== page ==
One can note, therefore, that witnessing the mother suffering any type of violence is a factor for vulnerability for the children, such that these children have higher chances of experiencing it when adults, either as victims - in the case of the women - or as aggressors, in the case of the men( 17 ). As a result, academics agree that experiencing violence in childhood and adolescence has repercussions for the individuals' adult lives, acting similarly with sisters, school friends, and - in the future - girlfriends and wives/partners( 22 ).

The collective discourse shows that the women perceive that they are experiencing with their partners situations which their mothers experienced, drawing attention to the intergenerational character of conjugal violence which, in its turn, is characterized by the historical reproduction of the violence experienced in childhood and/or adolescence. This reproduction occurs due to the mechanism of internalization, which functions as a form of identification/similarity, based on the behaviors and values learned, which are naturalized among the different social groups, in this case the family( 9 ). This context shows the extent to which coexisting in a violent environment conditions people to repeat the same practices, as, where other models of family relationships were not learned, men and women tend to reproduce the history of violence which they experienced in childhood or adolescence( 10 ).

Various studies have demonstrated the intergenerational character of conjugal violence, both for the aggressor and the victim. The chance of the practicing of violence increases by 96%, should the mother of the male partner have been the victim of violence by her partner (the son's father/stepfather) duringhis childhood. The chance of suffering violence was 92% greater in women whose mothers had also been victimized( 23 ). One longitudinal study, spanning three generations, revealed that if the grandmother was abused by her husband, the daughter is more susceptible to be sexually molested in childhood. Similarly, should the mother have been sexually abused when a child, her daughter has a greater risk of suffering child sexual abuse. In their turn, abused daughters express great anxiety in relation to romantic relationships, as well as conflicts of precocious fixation( 24 ). It follows that people with a history of abuse in childhood, who witnessed conjugal violence from their fathers, have higher chances of experiencing violence in their conjugal relationships( 25 ).

Hence, the intergenerational transmission of violence has been used to explain the relationship between violence witnessed in the family of origin and violence practiced by the intimate partner. In the light of this context, it is essential that professionals from the fields of health and education should be alert to recognize children and/or adolescents who are vulnerable to, or experiencing, domestic violence, so as to be able to adopt strategies for preventing intergenerational violence.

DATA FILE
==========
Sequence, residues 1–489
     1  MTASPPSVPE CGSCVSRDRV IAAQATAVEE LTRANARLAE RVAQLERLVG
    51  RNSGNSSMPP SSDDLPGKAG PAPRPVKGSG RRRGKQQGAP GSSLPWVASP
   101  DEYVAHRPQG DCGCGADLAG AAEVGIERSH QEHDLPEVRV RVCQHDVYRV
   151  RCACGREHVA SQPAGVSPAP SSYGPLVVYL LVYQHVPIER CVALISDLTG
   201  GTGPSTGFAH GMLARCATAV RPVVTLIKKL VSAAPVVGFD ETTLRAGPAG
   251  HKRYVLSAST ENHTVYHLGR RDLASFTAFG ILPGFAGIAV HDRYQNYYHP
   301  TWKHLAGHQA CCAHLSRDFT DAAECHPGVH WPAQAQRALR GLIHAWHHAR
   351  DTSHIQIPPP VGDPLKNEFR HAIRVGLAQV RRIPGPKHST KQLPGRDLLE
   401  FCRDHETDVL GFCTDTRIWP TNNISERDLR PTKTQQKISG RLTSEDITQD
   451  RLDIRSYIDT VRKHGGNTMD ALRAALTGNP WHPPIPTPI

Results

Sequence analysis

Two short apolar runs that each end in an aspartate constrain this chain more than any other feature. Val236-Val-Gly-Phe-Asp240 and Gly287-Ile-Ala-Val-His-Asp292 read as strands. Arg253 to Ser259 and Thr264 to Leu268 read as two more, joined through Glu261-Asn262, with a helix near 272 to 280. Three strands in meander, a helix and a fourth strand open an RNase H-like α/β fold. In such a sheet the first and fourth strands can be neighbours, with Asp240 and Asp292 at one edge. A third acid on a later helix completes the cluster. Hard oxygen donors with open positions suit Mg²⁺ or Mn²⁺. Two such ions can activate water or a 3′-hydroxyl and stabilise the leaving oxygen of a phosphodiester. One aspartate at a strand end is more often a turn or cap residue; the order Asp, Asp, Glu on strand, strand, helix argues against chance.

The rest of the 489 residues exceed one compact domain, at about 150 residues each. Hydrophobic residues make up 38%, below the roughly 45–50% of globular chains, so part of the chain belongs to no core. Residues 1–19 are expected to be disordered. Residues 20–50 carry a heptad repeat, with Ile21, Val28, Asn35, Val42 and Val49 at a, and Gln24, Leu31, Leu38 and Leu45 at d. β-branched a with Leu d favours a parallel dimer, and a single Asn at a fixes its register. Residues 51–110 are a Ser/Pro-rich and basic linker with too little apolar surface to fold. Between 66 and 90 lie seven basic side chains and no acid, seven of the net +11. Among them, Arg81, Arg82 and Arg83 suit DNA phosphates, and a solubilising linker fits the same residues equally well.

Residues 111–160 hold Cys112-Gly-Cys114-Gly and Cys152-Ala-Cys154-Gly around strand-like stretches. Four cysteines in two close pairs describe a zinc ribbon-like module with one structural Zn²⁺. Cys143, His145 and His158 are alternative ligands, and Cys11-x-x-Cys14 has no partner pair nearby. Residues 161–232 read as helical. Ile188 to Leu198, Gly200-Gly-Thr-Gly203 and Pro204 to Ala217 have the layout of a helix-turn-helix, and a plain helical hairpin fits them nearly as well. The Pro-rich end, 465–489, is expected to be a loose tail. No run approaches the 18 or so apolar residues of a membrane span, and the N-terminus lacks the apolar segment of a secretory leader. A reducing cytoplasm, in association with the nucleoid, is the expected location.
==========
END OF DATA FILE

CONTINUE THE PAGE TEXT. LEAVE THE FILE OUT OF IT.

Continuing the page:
The interviewees who experience violence in the conjugal relationship witnessed violence between their parents in childhood and adolescence, and suffered the repercussions of this violence, being physically injured, slandered and vilified, among other forms of violence practiced by the fathers. In the light of this experience, the interviewees stated feelings of anger, because of the fact that the mother had adopted an attitude of submission to the partner. In the adult phase, they understand that their conjugal life resembles the life of their parents: they have reproduced the conjugal violence.

The study points to the need for investment in strategies for breaking the cycle of intergenerational violence, reaffirming the complexity of the phenomenon and the importance of social work undertaken with the community, so as to promote families' health. As it leads to a continuous and progressive process of loss of health, with serious repercussions not only for the woman, but also for the family - above all the children - health professionals have great importance in this process, as it is a phenomenon which causes serious harm to the health of all those involved.

The professionals who work in the Family Health Strategy are in an outstanding position, as primary healthcare has, as its leading axes, the prevention of harm to health and illnesses, the promotion of health, and interdepartmentality. Nurses, as members of specialist teams in the municipalities and, often, having management positions, both in the health centers and in the specialized areas, must be prepared to elaborate, encourage and viabilize actions for preventing violence in the ambit of the community, demanding actions which are articulated with other levels of healthcare, in conjunction with other areas (the law, the social services, the police, education etc).

Articulation between the health sector and other spheres - such as education and the social services - is also essential in order for there to be reflection upon and elaboration of projects and actions which promote the identification of children and adolescents experiencing domestic violence, so as to break, at the earliest stage possible, the cycle of violence: intergenerational violence.


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1Paper extracted from master's thesis "Marital violence: understanding the phenomenon from the female discourse", presented to Escola de Enfermagem, Universidade Federal da Bahia, Salvador, BA, Brazil.

Received: February 16, 2014; Accepted: March 16, 2015

Corresponding Author: Gilvânia Patrícia do Nascimento Paixão Universidade do Estado da Bahia. Colegiado de Enfermagem Campus VII Rod. Lomanto Júnior, BR 407, km 127 Zona Rural CEP: 48700-000, Senhor do Bonfim, BA, Brasil E-mail: